A continuing bit they do on the show is that they chat with whoever is playing Jay during the week before and after the weekend. Sadly, the hosts were away last Thursday, so I didn’t get my pre-game interview as I played Jay this past weekend. But they did call me up today to discuss the horrible 122-59 defeat I suffered at the hands of Pod Vader (Soderberg’s nickname), making it my international podcast debut.

To listen to my appearance on the show, go here: and play or download the podcast for 10/30. My segment comes up at the 21:20 mark. Behold my witty repartee.

The Saga Continues…

Once again, Andy from Calgary gets a mention on the ESPN Fantasy Football Focus podcast, this time as the big news item of the day (it’s a very slow news day in the football world, as Tuesday is an off day). To hear the brief segment about me, go here: then choose the podcast for 10/3. I’m the lead story at about 1:55 in, and then they talk about my entry into the league for about a minute or so before moving on.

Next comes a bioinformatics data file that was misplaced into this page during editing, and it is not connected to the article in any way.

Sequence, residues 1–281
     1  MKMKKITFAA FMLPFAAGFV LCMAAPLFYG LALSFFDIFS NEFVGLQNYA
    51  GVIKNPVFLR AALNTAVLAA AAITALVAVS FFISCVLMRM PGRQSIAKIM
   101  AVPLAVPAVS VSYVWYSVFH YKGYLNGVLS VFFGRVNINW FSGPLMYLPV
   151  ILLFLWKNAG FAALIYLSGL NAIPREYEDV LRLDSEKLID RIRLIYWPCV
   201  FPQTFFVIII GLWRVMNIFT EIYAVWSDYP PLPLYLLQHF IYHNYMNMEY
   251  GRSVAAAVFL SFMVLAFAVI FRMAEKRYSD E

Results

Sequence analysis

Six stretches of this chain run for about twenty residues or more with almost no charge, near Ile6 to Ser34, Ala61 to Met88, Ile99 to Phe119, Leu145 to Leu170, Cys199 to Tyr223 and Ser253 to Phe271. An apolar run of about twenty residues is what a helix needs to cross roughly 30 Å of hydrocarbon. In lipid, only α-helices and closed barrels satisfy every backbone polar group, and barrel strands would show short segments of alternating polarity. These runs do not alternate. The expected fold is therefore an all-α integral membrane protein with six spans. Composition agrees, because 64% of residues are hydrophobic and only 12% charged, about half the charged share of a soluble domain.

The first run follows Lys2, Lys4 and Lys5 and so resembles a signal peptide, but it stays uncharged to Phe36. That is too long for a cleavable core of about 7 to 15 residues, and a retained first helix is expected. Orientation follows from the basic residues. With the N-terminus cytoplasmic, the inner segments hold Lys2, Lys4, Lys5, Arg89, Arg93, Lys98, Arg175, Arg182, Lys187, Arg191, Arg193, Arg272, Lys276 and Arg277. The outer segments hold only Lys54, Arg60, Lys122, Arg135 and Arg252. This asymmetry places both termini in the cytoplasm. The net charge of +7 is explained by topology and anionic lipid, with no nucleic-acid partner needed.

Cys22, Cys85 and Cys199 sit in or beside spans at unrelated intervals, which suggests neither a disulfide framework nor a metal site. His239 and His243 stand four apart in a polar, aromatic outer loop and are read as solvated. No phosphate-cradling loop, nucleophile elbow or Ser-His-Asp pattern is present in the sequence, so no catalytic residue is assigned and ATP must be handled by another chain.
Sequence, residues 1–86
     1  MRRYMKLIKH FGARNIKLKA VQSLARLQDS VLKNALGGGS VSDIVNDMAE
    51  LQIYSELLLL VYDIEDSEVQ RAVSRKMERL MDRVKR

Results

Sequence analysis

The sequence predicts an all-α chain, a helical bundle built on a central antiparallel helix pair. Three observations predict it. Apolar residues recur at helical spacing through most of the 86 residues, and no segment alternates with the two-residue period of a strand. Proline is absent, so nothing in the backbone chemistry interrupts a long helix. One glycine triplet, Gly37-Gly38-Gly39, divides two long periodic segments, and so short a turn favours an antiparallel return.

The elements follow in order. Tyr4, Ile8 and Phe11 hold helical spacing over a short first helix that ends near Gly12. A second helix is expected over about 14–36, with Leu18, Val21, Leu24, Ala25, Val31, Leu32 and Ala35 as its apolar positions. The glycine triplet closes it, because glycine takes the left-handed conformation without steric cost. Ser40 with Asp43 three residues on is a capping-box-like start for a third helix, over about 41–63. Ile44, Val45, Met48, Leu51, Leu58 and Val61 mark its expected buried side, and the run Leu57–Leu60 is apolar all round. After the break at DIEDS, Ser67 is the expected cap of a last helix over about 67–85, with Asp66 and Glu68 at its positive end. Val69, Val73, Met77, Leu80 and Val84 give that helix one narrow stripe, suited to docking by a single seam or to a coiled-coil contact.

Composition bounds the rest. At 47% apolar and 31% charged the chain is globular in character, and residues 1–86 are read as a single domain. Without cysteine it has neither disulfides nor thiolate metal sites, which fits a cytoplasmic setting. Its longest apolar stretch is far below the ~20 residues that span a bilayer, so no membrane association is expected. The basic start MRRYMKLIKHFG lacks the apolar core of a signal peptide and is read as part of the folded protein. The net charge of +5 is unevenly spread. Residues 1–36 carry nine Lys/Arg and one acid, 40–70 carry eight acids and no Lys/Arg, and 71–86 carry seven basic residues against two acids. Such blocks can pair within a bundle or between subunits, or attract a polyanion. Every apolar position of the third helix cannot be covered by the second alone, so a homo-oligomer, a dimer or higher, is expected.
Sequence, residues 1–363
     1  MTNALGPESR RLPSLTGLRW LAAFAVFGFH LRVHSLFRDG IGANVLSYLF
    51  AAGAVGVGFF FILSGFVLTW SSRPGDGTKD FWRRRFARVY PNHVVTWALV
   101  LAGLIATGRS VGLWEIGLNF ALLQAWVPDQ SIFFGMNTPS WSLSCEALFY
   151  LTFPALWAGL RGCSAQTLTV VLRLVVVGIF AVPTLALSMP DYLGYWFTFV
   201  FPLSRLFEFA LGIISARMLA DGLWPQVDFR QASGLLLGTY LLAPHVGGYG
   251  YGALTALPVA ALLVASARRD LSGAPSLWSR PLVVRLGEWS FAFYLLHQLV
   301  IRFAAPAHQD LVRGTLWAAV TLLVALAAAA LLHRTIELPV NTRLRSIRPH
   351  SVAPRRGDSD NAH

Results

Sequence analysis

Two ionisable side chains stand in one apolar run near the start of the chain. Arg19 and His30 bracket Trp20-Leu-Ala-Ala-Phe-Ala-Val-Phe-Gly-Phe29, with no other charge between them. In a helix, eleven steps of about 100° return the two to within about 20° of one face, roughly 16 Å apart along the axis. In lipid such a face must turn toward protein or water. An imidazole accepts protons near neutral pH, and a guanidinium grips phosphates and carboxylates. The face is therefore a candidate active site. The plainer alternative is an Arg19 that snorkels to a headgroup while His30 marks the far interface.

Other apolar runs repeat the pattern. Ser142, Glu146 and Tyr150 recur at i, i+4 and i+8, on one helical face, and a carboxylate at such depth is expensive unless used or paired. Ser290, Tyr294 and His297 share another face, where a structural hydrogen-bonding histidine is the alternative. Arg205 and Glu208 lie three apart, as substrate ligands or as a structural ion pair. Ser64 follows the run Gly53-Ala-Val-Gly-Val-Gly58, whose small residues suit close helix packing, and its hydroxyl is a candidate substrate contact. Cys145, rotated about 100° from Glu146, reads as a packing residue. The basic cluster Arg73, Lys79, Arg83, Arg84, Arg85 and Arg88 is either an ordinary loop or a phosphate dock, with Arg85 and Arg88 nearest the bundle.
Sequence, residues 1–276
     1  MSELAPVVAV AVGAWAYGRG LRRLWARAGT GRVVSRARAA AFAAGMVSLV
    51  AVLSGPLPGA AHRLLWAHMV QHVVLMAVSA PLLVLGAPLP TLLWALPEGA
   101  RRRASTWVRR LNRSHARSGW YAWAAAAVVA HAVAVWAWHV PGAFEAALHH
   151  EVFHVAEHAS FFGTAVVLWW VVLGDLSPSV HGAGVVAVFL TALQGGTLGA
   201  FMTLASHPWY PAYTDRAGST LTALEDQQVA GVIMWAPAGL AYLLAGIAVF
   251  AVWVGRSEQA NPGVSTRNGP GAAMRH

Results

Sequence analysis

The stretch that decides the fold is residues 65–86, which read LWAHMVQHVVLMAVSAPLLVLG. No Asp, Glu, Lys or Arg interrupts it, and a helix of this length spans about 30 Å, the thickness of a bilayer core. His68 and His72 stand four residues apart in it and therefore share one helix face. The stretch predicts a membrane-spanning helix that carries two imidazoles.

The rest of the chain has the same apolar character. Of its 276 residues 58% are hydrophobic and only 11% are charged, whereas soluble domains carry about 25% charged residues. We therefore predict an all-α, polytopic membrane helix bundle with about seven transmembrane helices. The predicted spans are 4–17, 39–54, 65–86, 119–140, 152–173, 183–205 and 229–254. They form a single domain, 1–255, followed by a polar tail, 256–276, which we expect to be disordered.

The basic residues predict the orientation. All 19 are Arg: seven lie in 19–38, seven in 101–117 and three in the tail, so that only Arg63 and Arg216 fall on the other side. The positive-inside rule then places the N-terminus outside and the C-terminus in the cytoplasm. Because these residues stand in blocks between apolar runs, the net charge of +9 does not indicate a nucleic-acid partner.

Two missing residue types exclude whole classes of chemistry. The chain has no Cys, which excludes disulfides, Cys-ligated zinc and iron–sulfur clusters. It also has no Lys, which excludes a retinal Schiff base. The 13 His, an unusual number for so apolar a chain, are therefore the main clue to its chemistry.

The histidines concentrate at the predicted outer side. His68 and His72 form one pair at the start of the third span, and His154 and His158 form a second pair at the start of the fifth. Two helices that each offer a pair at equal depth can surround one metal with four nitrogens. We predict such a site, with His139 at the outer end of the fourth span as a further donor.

So, there you have it. Minute 14 of 15 of my fleeting brush with fame.

My Brief Flirtation with Almost Fame

Most of you know that I am a participant in that wonderfully wacky pasttime known as Fantasy Football. As part of my fantasy football preparations, and more importantly as part of my attempt to distract myself from my job, I listen to ESPN’s Fantasy Focus Football podcast featuring The Talented Mr. Roto Matthew Berry and his co-host Nate Ravitz. I mostly listen to it for entertainment purposes, as most of their advice doesn’t really pertain to the rules and make-up of my fantasy league, and, as a four-time champion of said league, I don’t really need much advice (3-1 so far this year, and the league’s highest scorer).

But it’s an entertaining listen if you’re in to fantasy football and have a half hour to kill Monday through Friday. One thing that bugs me is that Matthew Berry is always going on about the importance of handcuffing your studs (for you non-fantasy football fans, this means to draft the real-world NFL back-up of the best runningback on your fantasy roster, in case that best back, AKA your “stud”, gets injured). I think this is one of the most overrated pieces of fantasy advice, leading people to hype the unknown runningbacks that happen to occupy the spot behind your guy in the depth chart, even if that guy has never proven himself a viable fantasy player. NFL players are not interchangeable, so just because one guy performs really well for a team, it doesn’t necessarily mean that the guy replacing him will also do well.